A. SINDBAD; IT’S JUST FAMILY is a new reality show for those wanting to know whatever happened to the comedian . . . he’s now remarried to his ex-wife and with his two semi-grown kids (“grids” as he likes to say), he’s now trying to revamp his career . . . Tuesdays at 10 p.m. on WEtv.

B. I always liked Paul Reiser in MAD ABOUT YOU (or maybe it was Helen Hunt that I liked?) . . . at any rate, I’m at least planning to give THE PAUL REISER SHOW a shot . . . Thursdays at 8:30 p.m. on NBC.

C. Reba McEntire, Miranda Lambert, Carrie Underwood, Martina McBride and other ladies of country music perform in GIRLS NIGHT OUT: SUPERSTAR WOMEN OF COUNTRY . . . TV GUIDE calls it a “rousing concert” . . . Friday at 9 p.m. on CBS.

D. CINEMA VERITE is a film about the Loud family made famous by a 1973 documentary that turned out to be an early version of reality television . . . I’ll be watching just for the cast: Tim Robbins, Diane Lane and James Gandolfini . . . in addition, THE WALL STREET JOURNAL calls it “a film that ends up packing an emotional punch that’s as surprising as it is eloquent . . . Saturday at 9 p.m. on HBO.

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6. JOKE 2: Retirement age
My broker called me this morning and said, “Remember that stock we bought and I said you’d be able to retire at age 65?”

“Yes, I remember,” I said.

“Well,” my broker continued, “your retirement age is now 108.”

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7. Websites

A. If you ever feel discouraged, check out this amazing story about a wrestler with one leg: http://www.youtube.com/watch?v=OdwACYJWJzM

Update: He went on to win the national championship . . . if you’d like to see the whole match, please click: http://www.youtube.com/watch?v=c5W4RZq1NRg

B. Preview of the world wedding (THANKS to Kathryn in North Carolina) . . . http://www.youtube.com/watch?v=Kav0FEhtLug&feature=topvideos_entertainment . . . she said it was very funny; I agree!

C. BLAINESWORLD, the website, remains up and running . . . to view it, please click:
http://www.blainesworld.net/ . . . if you’d like to see pictures of some yours truly, as well as friends and family, then click “Blaine’s Best” to the left and “Pictures” . . . when you view these, make sure you have your sound on . . . doing so will enable you to listen to arguably the greatest song of all time!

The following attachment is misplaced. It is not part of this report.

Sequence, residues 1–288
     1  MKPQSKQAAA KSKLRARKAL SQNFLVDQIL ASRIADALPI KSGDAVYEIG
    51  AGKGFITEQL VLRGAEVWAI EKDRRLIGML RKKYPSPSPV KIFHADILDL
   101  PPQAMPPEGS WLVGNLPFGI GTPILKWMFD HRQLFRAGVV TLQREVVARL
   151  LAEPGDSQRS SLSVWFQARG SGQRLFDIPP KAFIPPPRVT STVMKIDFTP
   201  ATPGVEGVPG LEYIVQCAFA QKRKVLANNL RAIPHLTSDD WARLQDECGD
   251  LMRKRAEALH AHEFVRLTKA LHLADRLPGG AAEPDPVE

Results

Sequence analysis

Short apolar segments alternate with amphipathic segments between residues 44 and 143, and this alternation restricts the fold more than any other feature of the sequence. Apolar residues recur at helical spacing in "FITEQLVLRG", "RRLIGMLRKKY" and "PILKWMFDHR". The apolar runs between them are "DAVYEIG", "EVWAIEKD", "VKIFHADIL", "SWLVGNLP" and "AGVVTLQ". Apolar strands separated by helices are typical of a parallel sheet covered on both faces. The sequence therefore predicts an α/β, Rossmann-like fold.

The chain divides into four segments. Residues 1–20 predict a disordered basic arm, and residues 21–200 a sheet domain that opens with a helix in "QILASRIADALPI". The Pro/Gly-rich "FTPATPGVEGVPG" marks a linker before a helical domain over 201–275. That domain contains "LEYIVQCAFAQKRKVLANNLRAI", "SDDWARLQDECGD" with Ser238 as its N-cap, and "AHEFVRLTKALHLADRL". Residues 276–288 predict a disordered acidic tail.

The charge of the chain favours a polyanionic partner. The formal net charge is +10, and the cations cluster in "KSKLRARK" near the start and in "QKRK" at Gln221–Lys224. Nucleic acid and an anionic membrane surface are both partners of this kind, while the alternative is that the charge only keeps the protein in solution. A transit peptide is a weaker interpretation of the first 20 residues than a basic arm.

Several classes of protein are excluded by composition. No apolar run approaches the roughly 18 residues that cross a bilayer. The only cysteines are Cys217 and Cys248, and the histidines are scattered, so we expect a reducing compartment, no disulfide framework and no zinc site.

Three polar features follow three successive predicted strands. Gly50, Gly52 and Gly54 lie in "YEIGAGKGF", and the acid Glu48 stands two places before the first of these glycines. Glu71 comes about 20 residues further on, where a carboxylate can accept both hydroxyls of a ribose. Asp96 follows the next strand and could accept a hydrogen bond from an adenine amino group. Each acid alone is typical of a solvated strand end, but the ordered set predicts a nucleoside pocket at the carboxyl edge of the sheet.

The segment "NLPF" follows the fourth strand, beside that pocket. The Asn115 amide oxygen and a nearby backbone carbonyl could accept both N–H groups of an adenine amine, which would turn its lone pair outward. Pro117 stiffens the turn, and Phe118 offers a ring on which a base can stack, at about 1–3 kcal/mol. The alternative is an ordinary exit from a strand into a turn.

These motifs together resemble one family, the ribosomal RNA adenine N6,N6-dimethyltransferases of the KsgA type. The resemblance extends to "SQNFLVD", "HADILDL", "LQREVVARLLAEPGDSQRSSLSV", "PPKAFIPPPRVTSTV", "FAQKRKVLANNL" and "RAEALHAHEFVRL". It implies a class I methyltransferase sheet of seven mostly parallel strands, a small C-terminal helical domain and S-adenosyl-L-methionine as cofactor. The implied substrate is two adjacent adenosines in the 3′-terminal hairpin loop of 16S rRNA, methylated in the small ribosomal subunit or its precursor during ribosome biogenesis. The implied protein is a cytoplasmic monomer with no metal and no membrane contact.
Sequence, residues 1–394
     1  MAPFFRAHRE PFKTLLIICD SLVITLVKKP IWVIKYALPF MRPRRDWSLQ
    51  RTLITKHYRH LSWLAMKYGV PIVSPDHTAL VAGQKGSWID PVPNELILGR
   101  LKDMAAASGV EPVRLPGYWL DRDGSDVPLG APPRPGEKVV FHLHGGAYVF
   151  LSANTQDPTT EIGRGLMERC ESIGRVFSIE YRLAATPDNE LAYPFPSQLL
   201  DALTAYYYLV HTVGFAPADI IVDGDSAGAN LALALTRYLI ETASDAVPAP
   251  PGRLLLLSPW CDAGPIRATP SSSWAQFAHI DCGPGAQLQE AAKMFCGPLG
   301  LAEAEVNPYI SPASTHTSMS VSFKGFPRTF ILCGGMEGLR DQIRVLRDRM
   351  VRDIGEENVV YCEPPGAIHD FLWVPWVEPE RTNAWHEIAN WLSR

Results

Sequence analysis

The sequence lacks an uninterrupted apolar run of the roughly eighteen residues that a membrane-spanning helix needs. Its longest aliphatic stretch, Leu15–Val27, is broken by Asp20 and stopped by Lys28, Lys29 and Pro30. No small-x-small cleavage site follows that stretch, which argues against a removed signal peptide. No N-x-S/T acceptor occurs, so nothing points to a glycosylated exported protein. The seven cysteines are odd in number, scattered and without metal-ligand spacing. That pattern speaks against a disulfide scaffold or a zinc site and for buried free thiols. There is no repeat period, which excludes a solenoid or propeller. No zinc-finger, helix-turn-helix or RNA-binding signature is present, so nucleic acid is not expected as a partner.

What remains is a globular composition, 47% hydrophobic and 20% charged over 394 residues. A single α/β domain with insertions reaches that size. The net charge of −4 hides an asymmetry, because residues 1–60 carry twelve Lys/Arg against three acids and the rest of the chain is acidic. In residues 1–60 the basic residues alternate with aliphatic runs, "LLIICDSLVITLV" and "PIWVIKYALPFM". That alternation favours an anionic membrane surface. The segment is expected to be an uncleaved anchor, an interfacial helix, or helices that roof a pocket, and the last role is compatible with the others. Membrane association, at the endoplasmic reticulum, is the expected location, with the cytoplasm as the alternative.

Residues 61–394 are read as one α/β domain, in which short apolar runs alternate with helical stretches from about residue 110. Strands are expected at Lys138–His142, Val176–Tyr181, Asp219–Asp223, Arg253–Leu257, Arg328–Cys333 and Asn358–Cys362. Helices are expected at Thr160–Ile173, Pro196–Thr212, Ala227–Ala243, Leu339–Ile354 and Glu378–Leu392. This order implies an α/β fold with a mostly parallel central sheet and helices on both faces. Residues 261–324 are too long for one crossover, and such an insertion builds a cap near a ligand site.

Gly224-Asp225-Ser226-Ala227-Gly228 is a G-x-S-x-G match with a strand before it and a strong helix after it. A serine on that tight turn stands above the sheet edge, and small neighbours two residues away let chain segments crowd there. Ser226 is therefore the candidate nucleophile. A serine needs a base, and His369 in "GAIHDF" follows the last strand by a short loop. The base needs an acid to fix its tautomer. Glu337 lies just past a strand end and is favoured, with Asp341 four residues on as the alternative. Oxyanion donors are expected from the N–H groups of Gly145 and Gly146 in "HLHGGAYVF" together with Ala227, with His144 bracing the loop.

D. Are you on Facebook? In the unlikely event we have not yet contacted as friends there, please feel free to send me an invite by clicking: http://www.facebook.com/blainegreenfield

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8. Computer tip

I recently got an instant message from a Facebook friend, David in New York; it read as follows:

Hey Blaine I just found out you were one of my top stalkers, you can find yours at fgh.fbglitch-a.info/?2tjXXX [last 3 digits changed intentionally by me to make sure that you can’t click on the link].

I then wrote David because it did not seem legitimate. It wasn’t. See below for his response:

it’s definitely a scam–I never click on any of these programs that require getting access to your friends. Either I got hacked or a friend of mine did. Sorry!

MY TWO CENTS: As David points out, if you click anything on Facebook that gives access to your computer to some application, you are risking danger. Furthermore, if you don’t recognize the link, then the odds are even greater that it is bogus. I never heard of anything that begins with fgh; hence, there was no way I was going to click it on.

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9. JOKE 3: Camping comments, Part 1 of 2

These are supposedly actual comments left on Forest Service registration sheets and comment cards by backpackers completing wilderness camping trips. Human nature being what it is, I wouldn’t doubt the authenticity of these remarks. You be the judge.

“A small deer came into my camp and stole my bag of pickles. Is there a way I can get reimbursed? Please call.”

“Escalators would help on steep uphill sections.”

“Instead of a permit system or regulations, the Forest Service needs to reduce worldwide population growth to limit the number of visitors to wilderness.”

“Trails need to be wider so people can walk while holding hands.”